[…]
Thalys PBKA is more expensive than TGV but it is cheaper than rebuilding the whole Paris–Cologne line.


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Originally Posted by rheintram View Post
As railcorridors are upgraded and modernized all the time, it makes much more sense to build or upgrade them according to a common standard and in contrast to JoKo65's claims it isn't more expensive, rather the contrary.
How often railcorridors are upgraded and modernised? Once in 100 years? Do you know how old are many lines and stations in Germany?
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Old February 28th, 2009, 09:23 PM   #46
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Originally Posted by Maxx☢Power View Post
But would they work any better without ETCS?
Why not?


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Originally Posted by Maxx☢Power View Post
Why do you think it will never go to Scotland? Because it's too difficult and they would need special trains. In the long run, standardisation is always more cost-effective and opens up a lot of opportunities.
It cannot go to Scotland because it cannot use the Chunnel.
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Old February 28th, 2009, 09:57 PM   #47
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Why cant people see that introducing standards means that over the long term costs can be reduced and things become easier. Standards dont mean ripping up huge amounts of platforms.

And I would bet that within 30 years we see trains travelling to scotland direct from paris.
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Old March 1st, 2009, 12:31 AM   #48
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I saw a DB ICE3 in Brussels today coming from Frankfurt (about 400km trip)... So we see now something else than TGVs, Eurostar and Thalys in Brussels...

Speaking about different standards...
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Old March 1st, 2009, 02:53 PM   #49
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Why cant people see that introducing standards means that over the long term costs can be reduced and things become easier. Standards dont mean ripping up huge amounts of platforms.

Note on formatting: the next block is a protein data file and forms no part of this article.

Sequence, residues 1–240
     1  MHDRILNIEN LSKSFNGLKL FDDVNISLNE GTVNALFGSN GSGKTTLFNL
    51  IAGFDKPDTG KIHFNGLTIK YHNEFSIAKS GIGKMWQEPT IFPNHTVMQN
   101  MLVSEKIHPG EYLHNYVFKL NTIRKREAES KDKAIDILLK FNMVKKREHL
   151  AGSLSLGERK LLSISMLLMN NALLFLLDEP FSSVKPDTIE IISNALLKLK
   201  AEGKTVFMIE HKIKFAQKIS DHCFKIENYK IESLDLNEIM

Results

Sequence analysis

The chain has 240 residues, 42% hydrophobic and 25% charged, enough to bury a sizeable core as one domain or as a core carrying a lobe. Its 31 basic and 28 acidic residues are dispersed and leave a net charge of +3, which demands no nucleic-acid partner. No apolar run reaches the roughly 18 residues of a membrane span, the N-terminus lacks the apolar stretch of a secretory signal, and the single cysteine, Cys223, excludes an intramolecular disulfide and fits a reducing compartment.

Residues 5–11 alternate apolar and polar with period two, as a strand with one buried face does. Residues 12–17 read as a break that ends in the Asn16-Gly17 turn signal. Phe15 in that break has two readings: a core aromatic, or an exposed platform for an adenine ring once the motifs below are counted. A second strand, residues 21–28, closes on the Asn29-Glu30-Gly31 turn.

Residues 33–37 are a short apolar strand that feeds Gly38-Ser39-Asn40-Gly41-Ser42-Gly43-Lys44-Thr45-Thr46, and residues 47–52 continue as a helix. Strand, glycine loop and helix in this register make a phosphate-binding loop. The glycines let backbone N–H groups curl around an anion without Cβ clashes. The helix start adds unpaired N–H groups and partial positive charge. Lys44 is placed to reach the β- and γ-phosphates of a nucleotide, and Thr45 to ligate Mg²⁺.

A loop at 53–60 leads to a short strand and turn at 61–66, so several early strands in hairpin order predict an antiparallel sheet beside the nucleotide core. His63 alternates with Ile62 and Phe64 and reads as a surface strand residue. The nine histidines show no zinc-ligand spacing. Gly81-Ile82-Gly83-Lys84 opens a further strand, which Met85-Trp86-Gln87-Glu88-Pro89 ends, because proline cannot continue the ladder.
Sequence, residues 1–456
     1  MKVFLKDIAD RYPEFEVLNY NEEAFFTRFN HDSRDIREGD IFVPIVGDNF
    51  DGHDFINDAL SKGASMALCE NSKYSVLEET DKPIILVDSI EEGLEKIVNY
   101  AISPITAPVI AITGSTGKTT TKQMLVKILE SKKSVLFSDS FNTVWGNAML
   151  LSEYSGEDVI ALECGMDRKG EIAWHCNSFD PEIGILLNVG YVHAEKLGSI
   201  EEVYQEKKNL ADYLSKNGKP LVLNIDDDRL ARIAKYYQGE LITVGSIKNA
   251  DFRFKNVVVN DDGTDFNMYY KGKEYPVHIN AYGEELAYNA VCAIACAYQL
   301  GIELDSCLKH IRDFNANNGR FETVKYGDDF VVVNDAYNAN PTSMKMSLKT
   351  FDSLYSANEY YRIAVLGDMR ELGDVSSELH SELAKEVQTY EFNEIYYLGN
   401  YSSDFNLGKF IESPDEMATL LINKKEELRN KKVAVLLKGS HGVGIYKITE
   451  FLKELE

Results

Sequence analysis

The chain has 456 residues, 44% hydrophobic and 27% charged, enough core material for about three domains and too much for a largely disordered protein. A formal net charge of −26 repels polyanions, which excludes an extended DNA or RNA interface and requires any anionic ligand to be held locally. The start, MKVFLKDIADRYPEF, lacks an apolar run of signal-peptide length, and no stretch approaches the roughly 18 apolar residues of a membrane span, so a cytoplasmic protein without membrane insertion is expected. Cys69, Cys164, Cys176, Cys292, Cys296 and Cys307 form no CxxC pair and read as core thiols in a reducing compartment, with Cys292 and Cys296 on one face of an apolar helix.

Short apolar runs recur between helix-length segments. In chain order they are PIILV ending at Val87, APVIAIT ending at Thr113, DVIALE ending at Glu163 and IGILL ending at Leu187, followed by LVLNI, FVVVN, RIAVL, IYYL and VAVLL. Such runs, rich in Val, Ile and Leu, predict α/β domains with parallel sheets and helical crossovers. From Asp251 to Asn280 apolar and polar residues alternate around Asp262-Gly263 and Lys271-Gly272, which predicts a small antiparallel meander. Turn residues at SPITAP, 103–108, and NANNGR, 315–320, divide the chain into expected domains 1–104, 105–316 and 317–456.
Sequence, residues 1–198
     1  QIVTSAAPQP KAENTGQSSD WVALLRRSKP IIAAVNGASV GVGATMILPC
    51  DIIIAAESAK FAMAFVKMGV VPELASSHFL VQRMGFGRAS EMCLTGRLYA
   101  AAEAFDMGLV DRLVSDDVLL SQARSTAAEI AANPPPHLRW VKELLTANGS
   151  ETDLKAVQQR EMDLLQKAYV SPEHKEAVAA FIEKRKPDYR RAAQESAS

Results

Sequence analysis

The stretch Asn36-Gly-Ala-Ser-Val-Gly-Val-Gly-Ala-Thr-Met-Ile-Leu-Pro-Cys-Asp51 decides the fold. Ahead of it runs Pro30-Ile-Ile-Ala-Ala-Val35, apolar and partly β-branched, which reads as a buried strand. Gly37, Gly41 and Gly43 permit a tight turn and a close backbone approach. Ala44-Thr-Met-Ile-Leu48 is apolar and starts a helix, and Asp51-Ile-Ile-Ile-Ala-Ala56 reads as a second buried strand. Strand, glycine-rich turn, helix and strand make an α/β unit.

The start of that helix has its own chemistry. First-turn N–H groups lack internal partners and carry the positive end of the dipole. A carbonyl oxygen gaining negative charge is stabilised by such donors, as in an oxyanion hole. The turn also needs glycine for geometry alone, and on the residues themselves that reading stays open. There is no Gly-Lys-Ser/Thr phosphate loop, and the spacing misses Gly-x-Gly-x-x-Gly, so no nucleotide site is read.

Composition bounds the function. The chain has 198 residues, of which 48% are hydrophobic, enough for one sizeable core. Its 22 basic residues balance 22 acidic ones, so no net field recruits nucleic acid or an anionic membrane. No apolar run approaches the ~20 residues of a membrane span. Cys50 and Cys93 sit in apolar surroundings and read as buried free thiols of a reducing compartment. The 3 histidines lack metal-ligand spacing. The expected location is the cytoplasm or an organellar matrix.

And I would bet that within 30 years we see trains travelling to scotland direct from paris.
It is no problem to go from Paris to Scotland, but a special train like the Eurostar is needed, with a normal TGV it is not possible to cross the Channel. It would be to expensive to build all trains according to the safety rules of the Chunnel. That is a good example for a case where standardisation would not make a sense.
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Old March 1st, 2009, 02:58 PM   #50
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Originally Posted by Micrav View Post
I saw a DB ICE3 in Brussels today coming from Frankfurt (about 400km trip)... So we see now something else than TGVs, Eurostar and Thalys in Brussels...

Speaking about different standards...
That was no ICE 3 but an ICE 3M. It is a special train, which can run in Belgium, the Netherlands and Germany. A normal ICE 3 cannot go to Belgium.

ICE 3 = normal ICE 3 for Germany.
ICE 3M = Belgium, the Netherlands, Germany (M = Mehrsystem --> multisystem).
ICE 3MF = France, Germany (MF = Mehrsystem Frankreich --> multisystem France).
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Old March 1st, 2009, 06:04 PM   #51
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Quote:
Originally Posted by JoKo65 View Post
It is no problem to go from Paris to Scotland, but a special train like the Eurostar is needed, with a normal TGV it is not possible to cross the Channel. It would be to expensive to build all trains according to the safety rules of the Chunnel. That is a good example for a case where standardisation would not make a sense.
The Chunnel is the only obstacle that stops a TGV going to northern england, (assuming a high speed line is built), since all new HSR lines are built with ERTMS and hence are interoperable (the ICE3 and TGV both use the LGV Est). The Chunnels strict fire rules make it expensive for passenger trains. The eurostar has extensive fireproofing and fireproof doors between carriages, not to mention two parallel systems in each half of the train so it can split into two.
In face rail companies, DB especially i think, are now lobbying Eurotunnel to relax the rules so they can make inter-regional services between south east england and norther france / belgium